I would also suggest making the night before a take-out night, where you pick up dinner, instead of trying to cook.  Nothing fancy, maybe just pizza and salad.  Next thing you know, 2 of your 5 weeknights are covered, leaving only 3 that you need to stress about.  Hey, it’s a start.

If it sounds boring to do the same thing every Wednesday or Thursday, keep this is mind, schedules create sanity.  Especially in men and children, when they know what to expect, things just run smoother.  Although men would like us to believe they like to be surprised – they’re probably taking about being surprised in another room in the house, not the kitchen.

Once the mystery is taken out of cooking, it’s actually a lot of fun, especially if you have a small army of elves who can clean up after you; in our house they’re called the kids!

And there are other benefits to cooking up a storm — in my kitchen I use it as an indirect line of communication, sometimes even warming one of Scoot’s cold fronts.

For example, if I make fish, Scoot assumes I’m upset with him, and candidly, sometimes I am.  He can’t stand fish or mushrooms, so if either show up in a dish, he knows he’s in the doghouse.  On the other side of the menu, if I make something he loves, like chicken and dumplings, he assumes I’ve used the credit card a bit too much and am looking for leniency.   Both have a surprising success rate.

And here’s the good news, you don’t have to learn how to cook like Julia Child to make a big impression.  In fact, sometimes, it’s the presentation that makes the meal.  Here’s what I’ve learned from my mom Norma Jean, put away the paper plates for a week and use real dishes.  N.J. has always said anything you’ve spent time cooking deserves a real plate.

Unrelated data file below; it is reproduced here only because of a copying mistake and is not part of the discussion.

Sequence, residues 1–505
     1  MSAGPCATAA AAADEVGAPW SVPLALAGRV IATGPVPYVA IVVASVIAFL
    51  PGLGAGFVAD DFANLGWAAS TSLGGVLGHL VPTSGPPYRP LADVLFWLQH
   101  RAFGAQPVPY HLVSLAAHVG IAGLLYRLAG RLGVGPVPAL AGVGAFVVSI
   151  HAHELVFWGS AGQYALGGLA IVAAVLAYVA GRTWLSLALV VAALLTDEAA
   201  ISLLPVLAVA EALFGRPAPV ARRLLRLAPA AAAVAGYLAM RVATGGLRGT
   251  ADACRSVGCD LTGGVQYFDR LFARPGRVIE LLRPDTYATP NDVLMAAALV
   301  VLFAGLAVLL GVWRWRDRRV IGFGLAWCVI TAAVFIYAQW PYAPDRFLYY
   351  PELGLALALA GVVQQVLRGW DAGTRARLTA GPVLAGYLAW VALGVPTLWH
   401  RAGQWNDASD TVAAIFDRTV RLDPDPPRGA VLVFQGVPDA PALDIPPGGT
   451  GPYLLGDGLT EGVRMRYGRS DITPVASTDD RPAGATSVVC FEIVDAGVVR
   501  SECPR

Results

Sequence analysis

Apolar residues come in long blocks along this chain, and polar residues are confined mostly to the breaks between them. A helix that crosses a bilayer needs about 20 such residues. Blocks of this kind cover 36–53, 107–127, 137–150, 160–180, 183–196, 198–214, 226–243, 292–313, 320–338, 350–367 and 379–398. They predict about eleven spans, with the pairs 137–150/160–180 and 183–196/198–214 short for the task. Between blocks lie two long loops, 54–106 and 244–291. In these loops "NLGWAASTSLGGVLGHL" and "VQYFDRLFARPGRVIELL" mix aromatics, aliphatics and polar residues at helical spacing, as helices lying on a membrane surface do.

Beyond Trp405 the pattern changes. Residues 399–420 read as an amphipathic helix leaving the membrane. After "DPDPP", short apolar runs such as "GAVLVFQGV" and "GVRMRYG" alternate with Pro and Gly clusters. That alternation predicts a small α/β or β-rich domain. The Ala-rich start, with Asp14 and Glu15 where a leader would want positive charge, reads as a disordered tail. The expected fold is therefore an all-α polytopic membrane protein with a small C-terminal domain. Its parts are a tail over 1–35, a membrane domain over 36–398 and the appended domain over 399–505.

Stick a tablecloth (one you can toss in the washer) on the table and light a couple of candles.  It’s amazing how much better food tastes when you light a 10 cent votive!

To help you start your culinary crusade, I’ve included a super simple recipe my whole family loves.  This spaghetti tastes exactly like the one made from scratch N.J. has made my entire life.  Since I don’t have time to let sauce cook all day I’ve created my version – enjoy!

Dear Lora’s Super Simple Spaghetti

1 lb. of ground turkey or beef

2 Jars of your favorite pasta sauce (I use Paul Newman’s Sockarooni)

2 T. of sugar

¼ C. of whipped cream cheese

1 whole bay leaf

1 box of your favorite pasta, cooked according to the directions on the box (I use whole grain thin spaghetti)

Parmesan cheese for serving

In a large pot, brown meat and drain.  Return to heat and add sauce, sugar, cream cheese and bay leaf.  Stir until well blended and the cream cheese has melted.  Bring to a boil, cover and simmer until ready to eat.  Remove bay leaf, pour over pasta and sprinkle with grated Parmesan cheese.

Serve with a salad and garlic bread.

If you’re trying to avoid carbs, microwave a spaghetti squash, use a fork to remove the strands and substitute for pasta.